Food With a Purpose
There's an old medical saying that we dig our grave with our spoon. Enter nutrigenomics, a new field that tailors your food to your genes. It just might be the answer to our epidemic of obesity and metabolic syndrome. It could even improve how we age, better our bone and brain health, and lower our risks for certain cancers. Built around the idea that one person's medicine is another's poison, nutrigenomics, and its related technologies of proteomics (the proteins that genes order up) and metabolomics (the soup of molecules that results from metabolic activity), provide a personalized dietary road map. The field is exciting and promising but is by no means ripe for the picking--despite some commercial ventures telling you otherwise. Before we turn an important new domain of nutrition into unappetizing snake oil, let's understand what it is and isn't.
Customizing one's diet to one's genes and metabolism isn't anything like the traditional, one-size-fits-all food pyramid. That approach is geared toward preventing nutritional deficiencies. The recommended daily allowances, or RDAs, printed on food labels tell you the macronutrients (carbohydrates, protein, and fat) and micronutrients (vitamins and minerals) you need. Even in the newer and booming field of functional foods, in which certain foods and supplements are singled out for health benefits beyond basic nutrition, it is assumed they'd bring value to everyone. Functional foods include megavitamins, animal extracts such as fish oils, and concentrates of the many biologically active plant chemicals that make fruits and vegetables veritable treasure troves of prevention for heart disease and cancer.
There are also energy drinks, gels, and power bars full of all the stuff that can provide an extra power jolt when you need it. Some of the best work on functional foods comes from the military. U.S. Army scientists created HOOAH! bars to deliver steady energy and optimize soldier performance during high-intensity and stressful maneuvers. But their work is aimed at a fairly homogeneous group of young and fit soldiers engaged in standardized activities. Meanwhile, consumers in all their diversity have embraced functional foods, making it a multibillion-dollar market. Yet most consumers are in the dark as to what they're buying.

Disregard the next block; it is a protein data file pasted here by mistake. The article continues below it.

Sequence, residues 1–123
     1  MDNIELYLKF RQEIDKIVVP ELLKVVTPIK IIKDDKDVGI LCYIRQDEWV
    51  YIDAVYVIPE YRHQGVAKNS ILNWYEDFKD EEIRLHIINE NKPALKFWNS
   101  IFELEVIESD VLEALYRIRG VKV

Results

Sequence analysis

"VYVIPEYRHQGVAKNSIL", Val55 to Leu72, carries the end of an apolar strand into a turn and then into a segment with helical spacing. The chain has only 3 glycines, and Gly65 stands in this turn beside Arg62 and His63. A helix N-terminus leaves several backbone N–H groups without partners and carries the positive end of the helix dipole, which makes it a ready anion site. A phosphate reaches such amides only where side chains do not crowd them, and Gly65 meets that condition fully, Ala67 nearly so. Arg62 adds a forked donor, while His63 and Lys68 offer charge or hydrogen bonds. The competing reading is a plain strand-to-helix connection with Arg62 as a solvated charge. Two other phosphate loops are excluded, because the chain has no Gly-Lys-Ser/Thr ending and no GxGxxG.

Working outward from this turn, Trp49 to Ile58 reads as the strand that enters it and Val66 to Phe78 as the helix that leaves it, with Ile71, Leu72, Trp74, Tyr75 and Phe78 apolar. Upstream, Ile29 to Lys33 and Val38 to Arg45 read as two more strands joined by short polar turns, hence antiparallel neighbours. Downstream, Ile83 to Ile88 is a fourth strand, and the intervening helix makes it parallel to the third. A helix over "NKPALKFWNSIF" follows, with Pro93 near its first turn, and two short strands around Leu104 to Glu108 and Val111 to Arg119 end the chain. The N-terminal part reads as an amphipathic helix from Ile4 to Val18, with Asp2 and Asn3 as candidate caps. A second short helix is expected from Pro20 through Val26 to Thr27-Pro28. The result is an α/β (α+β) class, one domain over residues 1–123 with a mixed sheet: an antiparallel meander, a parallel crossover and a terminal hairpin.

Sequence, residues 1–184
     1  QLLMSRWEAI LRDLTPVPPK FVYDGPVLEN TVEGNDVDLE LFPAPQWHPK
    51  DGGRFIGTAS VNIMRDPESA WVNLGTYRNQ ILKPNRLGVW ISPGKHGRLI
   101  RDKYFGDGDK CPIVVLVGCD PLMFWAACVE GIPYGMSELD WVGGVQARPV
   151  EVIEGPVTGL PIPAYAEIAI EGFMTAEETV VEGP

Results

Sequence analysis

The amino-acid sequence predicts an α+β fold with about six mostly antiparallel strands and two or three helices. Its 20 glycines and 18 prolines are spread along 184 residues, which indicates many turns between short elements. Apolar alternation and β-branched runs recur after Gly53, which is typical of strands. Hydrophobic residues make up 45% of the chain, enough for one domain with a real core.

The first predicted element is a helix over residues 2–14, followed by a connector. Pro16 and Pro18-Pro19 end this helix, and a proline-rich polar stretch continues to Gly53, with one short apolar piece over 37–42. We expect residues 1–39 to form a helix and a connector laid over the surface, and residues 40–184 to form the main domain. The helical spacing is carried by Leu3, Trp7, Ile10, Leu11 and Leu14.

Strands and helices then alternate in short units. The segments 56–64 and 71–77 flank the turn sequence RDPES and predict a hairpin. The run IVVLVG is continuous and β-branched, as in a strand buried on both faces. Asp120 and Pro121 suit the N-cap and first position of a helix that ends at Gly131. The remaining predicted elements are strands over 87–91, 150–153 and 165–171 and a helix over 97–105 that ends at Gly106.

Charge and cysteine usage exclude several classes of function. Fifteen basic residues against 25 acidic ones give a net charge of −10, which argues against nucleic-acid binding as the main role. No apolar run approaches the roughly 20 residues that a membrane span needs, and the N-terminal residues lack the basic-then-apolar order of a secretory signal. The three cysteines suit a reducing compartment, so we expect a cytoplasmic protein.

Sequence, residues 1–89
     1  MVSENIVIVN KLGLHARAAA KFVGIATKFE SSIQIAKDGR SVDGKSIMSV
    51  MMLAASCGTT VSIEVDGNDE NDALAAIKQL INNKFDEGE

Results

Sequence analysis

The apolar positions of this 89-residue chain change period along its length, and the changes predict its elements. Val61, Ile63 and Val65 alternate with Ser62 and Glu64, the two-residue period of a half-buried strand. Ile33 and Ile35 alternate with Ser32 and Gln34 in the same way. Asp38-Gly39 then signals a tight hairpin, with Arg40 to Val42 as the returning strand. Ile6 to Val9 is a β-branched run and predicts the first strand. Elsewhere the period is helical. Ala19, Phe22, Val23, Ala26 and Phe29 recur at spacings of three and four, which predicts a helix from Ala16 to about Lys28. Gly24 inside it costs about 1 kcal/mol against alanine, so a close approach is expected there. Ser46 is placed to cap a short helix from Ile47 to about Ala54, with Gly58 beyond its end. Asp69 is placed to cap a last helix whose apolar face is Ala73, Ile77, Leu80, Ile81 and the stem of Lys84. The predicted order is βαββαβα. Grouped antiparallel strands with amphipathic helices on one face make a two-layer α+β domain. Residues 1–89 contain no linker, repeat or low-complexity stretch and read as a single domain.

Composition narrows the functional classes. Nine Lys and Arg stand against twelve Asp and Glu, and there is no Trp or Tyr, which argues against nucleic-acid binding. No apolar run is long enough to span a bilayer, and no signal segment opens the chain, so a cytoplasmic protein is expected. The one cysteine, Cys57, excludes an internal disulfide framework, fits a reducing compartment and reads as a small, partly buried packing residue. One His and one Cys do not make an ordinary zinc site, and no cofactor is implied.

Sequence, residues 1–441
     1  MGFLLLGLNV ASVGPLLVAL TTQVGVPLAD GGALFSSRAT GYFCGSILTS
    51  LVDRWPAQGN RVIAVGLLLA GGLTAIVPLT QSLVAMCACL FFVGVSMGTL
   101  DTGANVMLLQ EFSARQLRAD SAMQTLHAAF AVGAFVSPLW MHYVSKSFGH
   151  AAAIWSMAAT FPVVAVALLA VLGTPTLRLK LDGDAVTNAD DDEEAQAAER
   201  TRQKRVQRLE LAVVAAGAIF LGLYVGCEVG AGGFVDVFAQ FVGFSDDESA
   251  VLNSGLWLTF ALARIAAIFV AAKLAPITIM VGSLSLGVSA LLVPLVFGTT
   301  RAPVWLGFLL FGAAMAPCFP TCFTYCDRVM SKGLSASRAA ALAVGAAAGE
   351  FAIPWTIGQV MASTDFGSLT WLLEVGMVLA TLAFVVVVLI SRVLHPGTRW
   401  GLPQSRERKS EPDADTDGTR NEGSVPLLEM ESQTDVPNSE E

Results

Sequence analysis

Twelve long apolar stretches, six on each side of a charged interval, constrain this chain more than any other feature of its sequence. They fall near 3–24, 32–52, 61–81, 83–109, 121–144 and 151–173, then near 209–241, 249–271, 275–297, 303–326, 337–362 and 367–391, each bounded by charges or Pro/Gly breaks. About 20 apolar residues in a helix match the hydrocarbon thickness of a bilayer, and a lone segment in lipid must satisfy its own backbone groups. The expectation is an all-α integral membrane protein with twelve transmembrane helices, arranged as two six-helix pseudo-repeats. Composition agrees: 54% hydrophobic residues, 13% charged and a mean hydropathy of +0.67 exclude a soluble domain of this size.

I blame their struggle squarely on the national neglect of nutrition research and education. I'll bet most doctors couldn't draw the latest food pyramid if their licenses depended on it and don't have a clue about functional foods. That's not surprising, since nutrition makes only a ghostly appearance in most medical school curricula, and nutritionists on medical faculties are scarce. Researchers all too often throw up their hands, as complexity and compliance make long-term clinical trials just too darn hard. No wonder conflicting reports on what's good in your diet give more whiplash than guidance. How sad, when food is our most intimate interaction with the environment.
Eating plans. That's where nutrigenomics will make our day. Nutrigenomics and metabolomics should allow us to develop eating plans based on each food's chemical profile and our individual metabolism. For example, some chemicals in food promote genetic stability in less stable genomes, or modify proteins once formed, that might regulate tumor incidence or behavior. Others can alter the level of certain proteins that control how much dietary fat is stored as body fat versus being burned up as calories.
Imagine a doctor's being able to quickly identify a patient's DNA profile for type 2 diabetes or obesity and then get a dynamic snapshot of his or her metabolic response to a particular diet. Food shopping might be like going to the shoe store. You'd have the size and, combined with your taste and energy expenditure (yes, exercise is a partner of nutrition), you'd select what fits. But this approach is several years away, as our knowledge of chronic disease susceptibility genes is limited, and metabolomics is an entirely new endeavor.
Companies are already pushing DNA diets, which concerns John Erdman, a professor of food sciences and human nutrition at the University of Illinois-Urbana-Champaign. "Identifying a handful of genes from a snippet of hair or a mouth swab and returning with a diet plan and a bill for several hundred dollars is a waste of money and is way premature," says Erdman. In a field known for fads and reckless health claims, we will have to struggle to keep nutrigenomics from being hijacked by the P.T. Barnums. HOOAH!
This story appears in the February 13, 2006 print edition of U.S. News & World Report.